Instead, we can simulate the null hypothesis by *shifting* the means of the control and test distributions so that they are equal. We then take a bootstrap sample out of each of the shifted data sets. We compute our test statistic from these two bootstrap samples to get a bootstrap replicate. Then, the number of bootstrap replicates that are at least as extreme as the test statistic from the original data is used to compute the p-value. Let’s see this in action. First, we’ll see how to shift the
data sets and what the resulting ECDFs look like.

```
[10]:
```

```
# Shift data sets
total_mean = np.mean(np.concatenate((alive_ctrl, alive_pest)))
alive_ctrl_shift = alive_ctrl - np.mean(alive_ctrl) + total_mean
alive_pest_shift = alive_pest - np.mean(alive_pest) + total_mean
# Plot the ECDFs
p = plot_ecdf(
alive_ctrl_shift,
frame_height=200,
frame_width=350,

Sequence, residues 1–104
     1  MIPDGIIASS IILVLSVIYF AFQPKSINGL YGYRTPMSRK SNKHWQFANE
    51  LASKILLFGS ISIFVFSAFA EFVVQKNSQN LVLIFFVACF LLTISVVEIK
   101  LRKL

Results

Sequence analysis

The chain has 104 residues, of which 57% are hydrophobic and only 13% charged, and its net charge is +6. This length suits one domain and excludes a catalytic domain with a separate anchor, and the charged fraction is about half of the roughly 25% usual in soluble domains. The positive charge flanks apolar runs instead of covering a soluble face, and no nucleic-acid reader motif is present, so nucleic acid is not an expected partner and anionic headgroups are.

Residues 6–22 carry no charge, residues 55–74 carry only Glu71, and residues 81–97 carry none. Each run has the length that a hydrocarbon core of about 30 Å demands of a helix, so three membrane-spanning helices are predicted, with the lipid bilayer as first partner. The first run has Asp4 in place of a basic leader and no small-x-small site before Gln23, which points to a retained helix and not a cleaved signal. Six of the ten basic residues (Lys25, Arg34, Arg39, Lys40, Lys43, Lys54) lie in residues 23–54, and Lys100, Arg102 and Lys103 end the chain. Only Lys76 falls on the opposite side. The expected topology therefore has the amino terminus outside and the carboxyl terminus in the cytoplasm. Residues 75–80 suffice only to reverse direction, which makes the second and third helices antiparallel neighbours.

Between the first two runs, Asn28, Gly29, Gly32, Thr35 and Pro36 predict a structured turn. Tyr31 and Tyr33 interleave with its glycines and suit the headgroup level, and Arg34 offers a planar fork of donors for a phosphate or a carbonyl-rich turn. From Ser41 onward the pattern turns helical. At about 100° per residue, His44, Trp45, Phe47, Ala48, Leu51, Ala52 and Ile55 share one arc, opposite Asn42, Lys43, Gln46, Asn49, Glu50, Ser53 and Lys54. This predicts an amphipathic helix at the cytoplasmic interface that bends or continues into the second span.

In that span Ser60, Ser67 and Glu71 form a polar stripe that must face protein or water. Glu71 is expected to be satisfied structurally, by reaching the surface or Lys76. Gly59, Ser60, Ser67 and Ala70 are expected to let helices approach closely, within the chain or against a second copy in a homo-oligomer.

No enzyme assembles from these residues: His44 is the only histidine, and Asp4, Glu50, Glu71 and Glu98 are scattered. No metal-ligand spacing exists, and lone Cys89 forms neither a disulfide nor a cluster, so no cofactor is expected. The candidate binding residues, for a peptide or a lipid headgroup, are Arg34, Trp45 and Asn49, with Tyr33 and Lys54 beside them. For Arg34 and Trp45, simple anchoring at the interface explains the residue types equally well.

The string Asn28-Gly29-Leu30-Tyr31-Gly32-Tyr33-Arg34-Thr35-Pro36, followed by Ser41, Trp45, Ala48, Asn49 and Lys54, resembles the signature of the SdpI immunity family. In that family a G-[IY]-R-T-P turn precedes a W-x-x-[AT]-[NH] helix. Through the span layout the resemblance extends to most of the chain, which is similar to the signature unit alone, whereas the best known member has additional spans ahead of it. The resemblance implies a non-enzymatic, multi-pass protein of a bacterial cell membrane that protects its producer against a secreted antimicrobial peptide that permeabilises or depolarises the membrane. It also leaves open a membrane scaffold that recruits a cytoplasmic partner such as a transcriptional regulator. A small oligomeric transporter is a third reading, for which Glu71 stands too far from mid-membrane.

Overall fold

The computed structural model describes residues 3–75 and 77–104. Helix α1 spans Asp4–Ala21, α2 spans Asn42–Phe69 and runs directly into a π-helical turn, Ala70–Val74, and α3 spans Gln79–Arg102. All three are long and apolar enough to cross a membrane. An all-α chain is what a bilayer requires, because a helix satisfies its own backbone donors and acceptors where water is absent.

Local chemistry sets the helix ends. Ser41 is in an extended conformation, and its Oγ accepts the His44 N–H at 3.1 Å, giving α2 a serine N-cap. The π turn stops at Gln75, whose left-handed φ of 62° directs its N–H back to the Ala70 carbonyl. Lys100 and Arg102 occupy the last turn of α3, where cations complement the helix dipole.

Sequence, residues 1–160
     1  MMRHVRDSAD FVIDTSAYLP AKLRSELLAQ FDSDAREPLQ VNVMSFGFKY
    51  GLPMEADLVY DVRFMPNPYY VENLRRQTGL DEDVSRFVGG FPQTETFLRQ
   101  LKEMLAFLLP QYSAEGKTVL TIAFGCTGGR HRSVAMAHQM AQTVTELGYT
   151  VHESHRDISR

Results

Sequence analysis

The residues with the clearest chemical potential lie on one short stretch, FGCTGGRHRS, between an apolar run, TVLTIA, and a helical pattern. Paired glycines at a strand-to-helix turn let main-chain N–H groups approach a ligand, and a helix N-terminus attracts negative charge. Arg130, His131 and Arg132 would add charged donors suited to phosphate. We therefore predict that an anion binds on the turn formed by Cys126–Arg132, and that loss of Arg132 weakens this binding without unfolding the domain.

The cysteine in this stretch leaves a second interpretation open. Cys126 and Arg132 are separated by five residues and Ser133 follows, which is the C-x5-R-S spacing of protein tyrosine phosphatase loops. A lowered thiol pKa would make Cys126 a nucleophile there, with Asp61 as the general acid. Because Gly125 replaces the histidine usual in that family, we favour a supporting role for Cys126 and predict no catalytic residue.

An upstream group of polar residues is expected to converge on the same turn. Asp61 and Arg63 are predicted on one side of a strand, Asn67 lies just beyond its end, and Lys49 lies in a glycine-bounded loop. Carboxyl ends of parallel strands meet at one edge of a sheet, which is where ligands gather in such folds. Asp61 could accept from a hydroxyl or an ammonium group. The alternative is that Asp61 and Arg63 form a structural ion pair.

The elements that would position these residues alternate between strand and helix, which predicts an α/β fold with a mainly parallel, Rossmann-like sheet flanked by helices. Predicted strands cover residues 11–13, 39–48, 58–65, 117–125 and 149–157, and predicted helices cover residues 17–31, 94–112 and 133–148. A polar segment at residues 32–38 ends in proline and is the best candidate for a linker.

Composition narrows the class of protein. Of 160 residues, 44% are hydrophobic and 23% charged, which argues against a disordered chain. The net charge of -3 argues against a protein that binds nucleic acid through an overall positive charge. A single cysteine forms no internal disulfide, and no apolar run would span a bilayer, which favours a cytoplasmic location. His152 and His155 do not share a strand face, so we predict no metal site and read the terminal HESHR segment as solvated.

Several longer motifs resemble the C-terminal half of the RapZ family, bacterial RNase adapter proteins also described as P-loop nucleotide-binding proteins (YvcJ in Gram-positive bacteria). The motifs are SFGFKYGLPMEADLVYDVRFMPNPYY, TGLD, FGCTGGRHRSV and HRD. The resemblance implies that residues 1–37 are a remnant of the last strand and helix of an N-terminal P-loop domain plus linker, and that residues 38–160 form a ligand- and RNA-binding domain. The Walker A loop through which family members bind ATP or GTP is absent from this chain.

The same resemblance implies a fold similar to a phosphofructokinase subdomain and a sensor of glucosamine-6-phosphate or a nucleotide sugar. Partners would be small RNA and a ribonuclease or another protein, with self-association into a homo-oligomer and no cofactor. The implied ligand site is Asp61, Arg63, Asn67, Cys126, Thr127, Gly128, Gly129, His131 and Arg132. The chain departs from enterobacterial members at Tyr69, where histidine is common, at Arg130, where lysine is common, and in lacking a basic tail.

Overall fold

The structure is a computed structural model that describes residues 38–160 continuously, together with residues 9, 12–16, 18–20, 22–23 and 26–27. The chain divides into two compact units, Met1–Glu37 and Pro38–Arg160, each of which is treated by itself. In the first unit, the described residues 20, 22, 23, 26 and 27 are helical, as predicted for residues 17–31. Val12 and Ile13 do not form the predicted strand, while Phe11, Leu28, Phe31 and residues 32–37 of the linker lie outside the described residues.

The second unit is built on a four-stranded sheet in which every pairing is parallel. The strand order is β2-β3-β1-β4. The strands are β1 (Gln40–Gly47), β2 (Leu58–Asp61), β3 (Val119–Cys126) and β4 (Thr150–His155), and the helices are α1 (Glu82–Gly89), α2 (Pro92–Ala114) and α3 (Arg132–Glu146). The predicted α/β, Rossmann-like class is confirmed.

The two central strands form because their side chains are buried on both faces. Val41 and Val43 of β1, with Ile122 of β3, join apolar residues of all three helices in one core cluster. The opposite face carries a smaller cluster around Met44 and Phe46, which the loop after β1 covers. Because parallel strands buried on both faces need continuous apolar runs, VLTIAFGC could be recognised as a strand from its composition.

x_axis_label="shifted alive sperm count (millions)",
color=colorcet.b_glasbey_category10[0],
legend_label="control",
)
p = plot_ecdf(
alive_pest_shift,
color=colorcet.b_glasbey_category10[1],
p=p,
legend_label="pesticide",
)
p.legend.location = "bottom_right"
bokeh.io.show(p)
```

The distributions now have the same mean, but nothing else about them has changed. They still have the same shape as before. Now, let’s draw bootstrap samples out of these shifted distributions and see how they compare to the original ECDFs.

```
[11]:
```

```
p = bokeh_catplot.ecdf(df, cats="Treatment", val="Alive Sperm Millions")
for _ in range(100):
# Get x-y values for ECDF
p = plot_ecdf(
draw_bs_sample(alive_ctrl_shift),
color=colorcet.b_glasbey_category10[0],
alpha=0.02,
p=p,
)
p = plot_ecdf(
draw_bs_sample(alive_pest_shift),